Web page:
London has today been announced as the host of the 2017 Athletics World Championships after a council vote in Monaco. The capital was selected ahead of Doha in a two-horse race as athletics big wigs from around the world met in the principality.
On the face of it this may seem like a no-brainer, but the IAAF council had to weigh up benefits from both bids to come to their eventual outcome. After the failed World Cup bid where England sent in the three Lions of David Cameron, Prince William and David Beckham it was a slightly lower key line-up this time round. Lord Coe and Boris Johnson spearheaded London’s attack and it proved to be a successful partnership.
The members voted in favour of London as it received 16 votes compared to Doha’s 10. Although, in reality the decision was closer than that after both parties delivered flawless presentations. It is a real vindication for London who came up against a very commercially attractive bid in the form of Doha who promised a Championships budget of £150million. On top of this they said they would deliver a lucrative new sponsor to the IAAF for around £18million – this must have turned the heads of the decision makers in such an economically challenging time. Add into this the opportunity to target a different and potentially high net worth audience and the IAAF must have been salivating as Sepp Blatter and his cronies were last year. However, the Doha bid was not without its disadvantages. A great deal has already been made about the heat during the World Cup in Qatar and this fear was multiplied for the athletes, particularly the long distance runners.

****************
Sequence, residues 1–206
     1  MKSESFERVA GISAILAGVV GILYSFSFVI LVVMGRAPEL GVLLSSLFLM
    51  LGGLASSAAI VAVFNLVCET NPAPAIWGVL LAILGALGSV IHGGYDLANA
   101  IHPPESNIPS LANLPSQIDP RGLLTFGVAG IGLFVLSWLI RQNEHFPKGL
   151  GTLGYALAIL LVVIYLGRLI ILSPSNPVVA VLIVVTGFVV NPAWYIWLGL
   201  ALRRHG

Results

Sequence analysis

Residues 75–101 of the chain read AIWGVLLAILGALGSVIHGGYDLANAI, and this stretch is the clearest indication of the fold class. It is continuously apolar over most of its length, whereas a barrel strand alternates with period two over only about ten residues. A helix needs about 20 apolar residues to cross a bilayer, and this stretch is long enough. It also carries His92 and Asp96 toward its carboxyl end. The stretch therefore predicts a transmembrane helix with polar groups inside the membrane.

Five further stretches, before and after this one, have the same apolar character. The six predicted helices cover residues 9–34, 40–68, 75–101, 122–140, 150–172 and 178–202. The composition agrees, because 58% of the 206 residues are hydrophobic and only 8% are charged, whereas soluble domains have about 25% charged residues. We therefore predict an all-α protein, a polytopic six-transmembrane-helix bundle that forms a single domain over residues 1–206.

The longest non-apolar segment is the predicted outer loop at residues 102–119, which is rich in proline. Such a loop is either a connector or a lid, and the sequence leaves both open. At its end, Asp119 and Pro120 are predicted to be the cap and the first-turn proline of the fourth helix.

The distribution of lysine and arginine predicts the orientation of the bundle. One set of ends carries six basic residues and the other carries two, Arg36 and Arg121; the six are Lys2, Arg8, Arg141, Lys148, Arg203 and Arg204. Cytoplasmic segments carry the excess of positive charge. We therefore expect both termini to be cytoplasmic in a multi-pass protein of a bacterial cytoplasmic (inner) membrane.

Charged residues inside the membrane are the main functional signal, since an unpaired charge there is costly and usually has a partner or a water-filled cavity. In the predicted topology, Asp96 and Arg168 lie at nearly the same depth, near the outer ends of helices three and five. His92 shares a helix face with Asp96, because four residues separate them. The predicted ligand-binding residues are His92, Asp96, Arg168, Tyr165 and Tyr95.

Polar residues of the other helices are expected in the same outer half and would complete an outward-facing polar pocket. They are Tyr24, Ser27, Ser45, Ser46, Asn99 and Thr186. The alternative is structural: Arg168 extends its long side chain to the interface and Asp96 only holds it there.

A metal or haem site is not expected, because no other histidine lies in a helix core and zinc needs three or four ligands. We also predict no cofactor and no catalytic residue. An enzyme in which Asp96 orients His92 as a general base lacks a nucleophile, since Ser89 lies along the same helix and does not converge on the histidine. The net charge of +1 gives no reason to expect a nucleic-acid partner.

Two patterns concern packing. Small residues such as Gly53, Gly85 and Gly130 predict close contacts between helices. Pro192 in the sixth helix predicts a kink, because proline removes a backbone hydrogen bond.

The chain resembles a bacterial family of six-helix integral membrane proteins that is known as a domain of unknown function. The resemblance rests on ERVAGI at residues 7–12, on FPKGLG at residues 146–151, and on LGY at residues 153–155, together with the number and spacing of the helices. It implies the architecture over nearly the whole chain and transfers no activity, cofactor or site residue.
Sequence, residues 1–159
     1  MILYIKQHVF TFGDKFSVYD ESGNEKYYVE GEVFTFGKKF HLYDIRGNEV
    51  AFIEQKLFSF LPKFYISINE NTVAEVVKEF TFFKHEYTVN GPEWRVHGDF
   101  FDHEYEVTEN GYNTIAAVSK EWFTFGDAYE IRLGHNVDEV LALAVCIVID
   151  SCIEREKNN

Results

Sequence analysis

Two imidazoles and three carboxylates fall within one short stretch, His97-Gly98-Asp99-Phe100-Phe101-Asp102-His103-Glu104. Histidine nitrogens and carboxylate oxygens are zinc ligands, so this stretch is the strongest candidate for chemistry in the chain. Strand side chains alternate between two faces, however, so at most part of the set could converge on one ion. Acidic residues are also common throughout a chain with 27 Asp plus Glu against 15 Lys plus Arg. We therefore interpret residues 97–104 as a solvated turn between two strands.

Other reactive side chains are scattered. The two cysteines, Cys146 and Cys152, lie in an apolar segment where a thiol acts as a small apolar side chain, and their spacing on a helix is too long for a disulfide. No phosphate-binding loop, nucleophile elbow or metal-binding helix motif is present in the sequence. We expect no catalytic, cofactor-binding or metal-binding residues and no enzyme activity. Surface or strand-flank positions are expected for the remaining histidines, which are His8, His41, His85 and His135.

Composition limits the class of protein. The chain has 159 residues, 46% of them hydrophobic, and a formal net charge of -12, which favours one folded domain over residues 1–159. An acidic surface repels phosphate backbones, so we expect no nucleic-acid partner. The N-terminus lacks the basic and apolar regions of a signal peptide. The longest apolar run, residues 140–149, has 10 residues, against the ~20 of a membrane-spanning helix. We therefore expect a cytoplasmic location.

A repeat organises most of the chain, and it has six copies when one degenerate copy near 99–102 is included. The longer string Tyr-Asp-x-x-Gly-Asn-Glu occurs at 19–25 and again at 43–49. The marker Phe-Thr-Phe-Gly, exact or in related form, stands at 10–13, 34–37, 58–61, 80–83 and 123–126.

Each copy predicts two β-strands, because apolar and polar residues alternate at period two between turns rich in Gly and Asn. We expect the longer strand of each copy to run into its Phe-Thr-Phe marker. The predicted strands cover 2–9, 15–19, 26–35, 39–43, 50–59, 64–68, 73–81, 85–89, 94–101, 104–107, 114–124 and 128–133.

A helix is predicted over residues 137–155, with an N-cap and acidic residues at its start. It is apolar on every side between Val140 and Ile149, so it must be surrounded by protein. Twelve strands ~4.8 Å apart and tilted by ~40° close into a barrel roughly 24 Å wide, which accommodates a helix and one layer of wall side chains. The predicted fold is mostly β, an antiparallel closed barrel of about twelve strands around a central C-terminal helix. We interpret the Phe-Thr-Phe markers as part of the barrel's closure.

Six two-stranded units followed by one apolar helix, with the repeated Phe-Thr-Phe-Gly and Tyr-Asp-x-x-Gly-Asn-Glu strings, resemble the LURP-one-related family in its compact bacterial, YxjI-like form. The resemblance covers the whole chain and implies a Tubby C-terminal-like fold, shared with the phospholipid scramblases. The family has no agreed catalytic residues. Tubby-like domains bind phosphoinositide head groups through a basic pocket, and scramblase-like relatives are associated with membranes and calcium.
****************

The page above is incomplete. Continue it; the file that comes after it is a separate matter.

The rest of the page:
The London bid focused its attention on its Olympic legacy programme and with the reputation of Olympic Park Legacy Company hanging by a thread defeat would have been a disaster. It could not offer anywhere near the overall budget of the Doha bid, but in a typical display of British stubbornness it surprisingly matched the Qatari’s whopping £5million prize fund. Existing infrastructure and the positive impact of a western Championships on attracting sponsors certainly played into English hands. The already engaged target audience in the UK and Europe must also have swayed the votes as filling stadia will not prove an issue as has been proven by the insatiable demand for tickets for the 2012 London Olympics.
In summary, the IAAF members were given the choice between the legacy, reliability and efficiency of the London bid or the wildcard but lucrative bid from Doha. In the modern day it is refreshing to see that money does not always buy love and the Qatari’s will have to make do with just the 2022 World Cup, while London bathes in athletics euphoria for the next five years.
by Oliver Bethell